You don’t feel “ready” yet. Guess what, you’ll never feel “ready.” The best time to start your channel, well, was yesterday, but the second best time is today. I’ve fallen into this perfection mentality of not wanting to start until I had better equipment and better video skills, but all that does is delay you from getting started. Learn enough about making videos to feel somewhat confident and use YouTube to do it. As my favorite Peloton instructor Emma Lovewell says, “Practice is NOT perfection. It’s progress.” Start now. Improve as you go. At least you’re taking action now.
If it’s not the tech side of things that’s making you feel like you aren’t ready, maybe it’s everything else that’s overwhelming you. Should you be on camera? Should you only be behind the camera? What should you wear? What should you say in your intro? Ahhh, so many questions that I totally get. I don’t like being in front of the camera. I’m a private person. But ever since I’ve moved abroad, being outside of my comfort zone is the norm, so I went for it. But that doesn’t mean it gets anymore comfortable or that I feel any more ready today than I did five years ago.
It takes a ton of time to make videos. Yes, making videos takes time. It takes time to conceptualize the video, plan it out, learn the tech side of shooting and editing, etc. My plan with YouTube was to make videos that have me out and about, talking to French people and showing you a side of French culture my way. That takes a ton of time. It’s way less time consuming (and less mentally overwhelming) to make “talking head” videos of me in my house talking to the camera. Those are fine. Some have done well. But I don’t want videos like that to take up the bulk of my channel although talking head videos are way easier to make.
Then once you do get started, you have to look at the time you’re spending on video creation versus the reward. What are you trying to achieve? Are you trying to refer people to your website? Are you selling something? Trying to earn a side income? Is this a hobby or a business? Whatever your goal is, it’ll be slow going for a while. Probably years. Is putting in the effort worth it to you and a good use of your time? Are you clear on why you want to start a channel? Those are questions only you can answer.
It comes down to this. We all have 24 hours in a day. If you say you want to make videos yet always find that you don’t have enough time, all that means is that you’re not prioritizing it. So if it’s a priority, take the steps to make it matter. When we want something and deem it important, we do whatever it takes.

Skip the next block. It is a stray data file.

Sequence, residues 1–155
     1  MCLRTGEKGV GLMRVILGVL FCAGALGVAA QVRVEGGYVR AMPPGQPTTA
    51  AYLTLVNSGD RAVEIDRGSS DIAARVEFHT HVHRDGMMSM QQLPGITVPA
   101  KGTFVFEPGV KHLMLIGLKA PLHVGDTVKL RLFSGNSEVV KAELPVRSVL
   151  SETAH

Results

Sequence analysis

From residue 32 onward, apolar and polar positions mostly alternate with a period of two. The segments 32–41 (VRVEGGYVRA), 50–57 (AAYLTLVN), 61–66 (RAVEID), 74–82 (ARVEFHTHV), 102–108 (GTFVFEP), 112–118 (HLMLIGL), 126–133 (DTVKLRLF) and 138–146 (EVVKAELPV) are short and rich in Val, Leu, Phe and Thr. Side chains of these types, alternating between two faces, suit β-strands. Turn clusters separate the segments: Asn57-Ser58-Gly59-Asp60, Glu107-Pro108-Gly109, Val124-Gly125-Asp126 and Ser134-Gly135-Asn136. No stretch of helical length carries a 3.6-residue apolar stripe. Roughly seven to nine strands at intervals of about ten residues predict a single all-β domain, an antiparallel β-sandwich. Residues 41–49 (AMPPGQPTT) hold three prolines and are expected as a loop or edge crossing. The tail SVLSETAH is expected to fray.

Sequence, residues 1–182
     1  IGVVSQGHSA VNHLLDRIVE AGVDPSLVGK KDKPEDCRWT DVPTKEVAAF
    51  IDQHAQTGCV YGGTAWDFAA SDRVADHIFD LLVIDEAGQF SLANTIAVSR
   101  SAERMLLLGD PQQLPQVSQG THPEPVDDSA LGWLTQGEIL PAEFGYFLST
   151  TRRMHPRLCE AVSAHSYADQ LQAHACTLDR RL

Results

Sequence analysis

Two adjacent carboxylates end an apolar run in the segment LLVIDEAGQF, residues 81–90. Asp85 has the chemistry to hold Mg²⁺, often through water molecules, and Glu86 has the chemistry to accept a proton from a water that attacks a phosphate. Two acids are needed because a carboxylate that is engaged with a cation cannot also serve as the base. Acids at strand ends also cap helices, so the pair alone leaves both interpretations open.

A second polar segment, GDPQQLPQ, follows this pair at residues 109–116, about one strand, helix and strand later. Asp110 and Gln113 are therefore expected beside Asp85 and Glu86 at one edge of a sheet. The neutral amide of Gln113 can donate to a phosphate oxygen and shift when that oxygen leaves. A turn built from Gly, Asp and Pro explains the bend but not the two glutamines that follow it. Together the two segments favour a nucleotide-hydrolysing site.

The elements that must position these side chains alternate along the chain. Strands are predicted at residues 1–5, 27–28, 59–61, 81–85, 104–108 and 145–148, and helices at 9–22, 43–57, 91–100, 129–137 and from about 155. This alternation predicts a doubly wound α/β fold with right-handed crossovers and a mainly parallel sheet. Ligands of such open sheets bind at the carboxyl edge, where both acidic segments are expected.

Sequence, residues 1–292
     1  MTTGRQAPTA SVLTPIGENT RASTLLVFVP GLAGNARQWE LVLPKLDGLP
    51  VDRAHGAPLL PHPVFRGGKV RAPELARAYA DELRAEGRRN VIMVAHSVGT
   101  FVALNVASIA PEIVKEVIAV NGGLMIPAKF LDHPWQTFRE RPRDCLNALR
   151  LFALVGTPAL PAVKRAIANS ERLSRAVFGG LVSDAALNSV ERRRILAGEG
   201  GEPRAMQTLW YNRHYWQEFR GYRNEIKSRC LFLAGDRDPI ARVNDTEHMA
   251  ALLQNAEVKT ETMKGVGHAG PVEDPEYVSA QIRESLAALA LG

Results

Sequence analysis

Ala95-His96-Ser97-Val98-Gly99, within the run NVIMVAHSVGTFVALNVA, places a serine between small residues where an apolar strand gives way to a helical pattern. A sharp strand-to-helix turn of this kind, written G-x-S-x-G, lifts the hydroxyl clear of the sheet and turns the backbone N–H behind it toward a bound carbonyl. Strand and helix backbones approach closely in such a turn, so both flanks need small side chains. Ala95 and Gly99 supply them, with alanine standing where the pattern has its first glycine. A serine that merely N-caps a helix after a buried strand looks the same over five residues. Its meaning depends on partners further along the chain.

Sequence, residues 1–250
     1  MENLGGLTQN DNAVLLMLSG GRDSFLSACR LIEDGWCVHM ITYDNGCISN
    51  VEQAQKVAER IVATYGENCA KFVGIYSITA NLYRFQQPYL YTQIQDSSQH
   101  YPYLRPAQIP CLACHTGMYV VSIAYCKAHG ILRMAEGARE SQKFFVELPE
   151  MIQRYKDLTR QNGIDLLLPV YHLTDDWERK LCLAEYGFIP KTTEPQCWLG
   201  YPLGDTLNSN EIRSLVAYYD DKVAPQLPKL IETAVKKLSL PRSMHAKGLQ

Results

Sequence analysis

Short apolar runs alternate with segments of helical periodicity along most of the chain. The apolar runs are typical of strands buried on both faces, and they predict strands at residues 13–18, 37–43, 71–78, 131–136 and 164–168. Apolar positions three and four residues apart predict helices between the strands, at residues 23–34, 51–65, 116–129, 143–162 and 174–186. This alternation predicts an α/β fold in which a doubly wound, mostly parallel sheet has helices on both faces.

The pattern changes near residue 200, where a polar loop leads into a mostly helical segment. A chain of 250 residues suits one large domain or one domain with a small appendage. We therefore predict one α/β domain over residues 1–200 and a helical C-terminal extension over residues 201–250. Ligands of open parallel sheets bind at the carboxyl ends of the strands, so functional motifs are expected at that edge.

Let me touch on one important point here. Many of the reasons above boil down to fear.
It’s such a valid reason for NOT creating a YouTube channel (and frankly is the reason that holds us back from so much in life). While fear is a valid excuse, it’s not a particularly helpful one if your goal is to get started on YouTube. What are we scared of? Well, of not being good enough, of not being successful, of nasty comments, of messing up, etc. The list goes on and on. I’m guilty of all of them.
Every time I publish video, fear creeps into my psyche. Yes, really. Guilty. I’m scared people won’t like my video or will be overly critical and rude. But know what? I do it anyway. I make the content I want to put out into the world because I know my subscribers enjoy it and I love making it. If you have your heart set on learning how to shoot video and creating content, then go for it anyway. The fear lessens over time and it’s worth the reward.
A saying I love that I come back to often is do not compare your starting point to someone else’s middle. Just don’t. Your Day 1 can’t look like someone else’s Day 303045. Everyone starts from somewhere and the only way to go is up.
When you’re doubting yourself, go back to your reasons why you should start a Youtube channel.
All fear does is hold us back, stop us from creating and trying, and keeps our dreams and successes at arm’s length. Fear is very real, but don’t let it consume you to the point of not taking action.
So how do you protect yourself?
Now that we’ve talked about the reasons why people don’t start a YouTube channel, let me be clear. I DO think starting a YouTube channel is worth it if you want to expand your skill set and learn video. If you want to share something with the world, then go for it. If you’re passionate about making videos, that passion will rise up above all the BS and will fuel you to continue. But before you go for it, keep these tips in mind on how to protect yourself.
Set the tone. From the minute you open your mouth, you’re setting the tone for your channel. If you talk about polarizing topics that are rife with conflict such as religion or politics, it’s only normal your comment section will be full of conflict. I try to keep it casual on my channel with a friendly tone, but even still, people will be rude in the comments even if you don’t even talk about remotely controversial topics.
I’d even say take the next step and write a line or two in your description box that sets the expectation that rude/hateful/racist speech will not be tolerated and the user will be banned without warning. It still won’t prevent people from being dicks, but letting them know that they’ll be blocked if they break the rules does help.
Use the comment moderation feature. In your dashboard, you can set up a list of blocked words that will automatically trigger the comment to be held in YouTube purgatory. Any comments that contain one of these words are held from the channel’s public comment section until they are manually published or deleted by you. I have curse words and a bunch of other rude words in my block list and whenever a viewer leaves a comment with one of these words, I get to choose if it’ll see the light of day. The comment only becomes public if I say so. Most of them go in the trash and the user gets blocked from my channel. This feature is a MUST!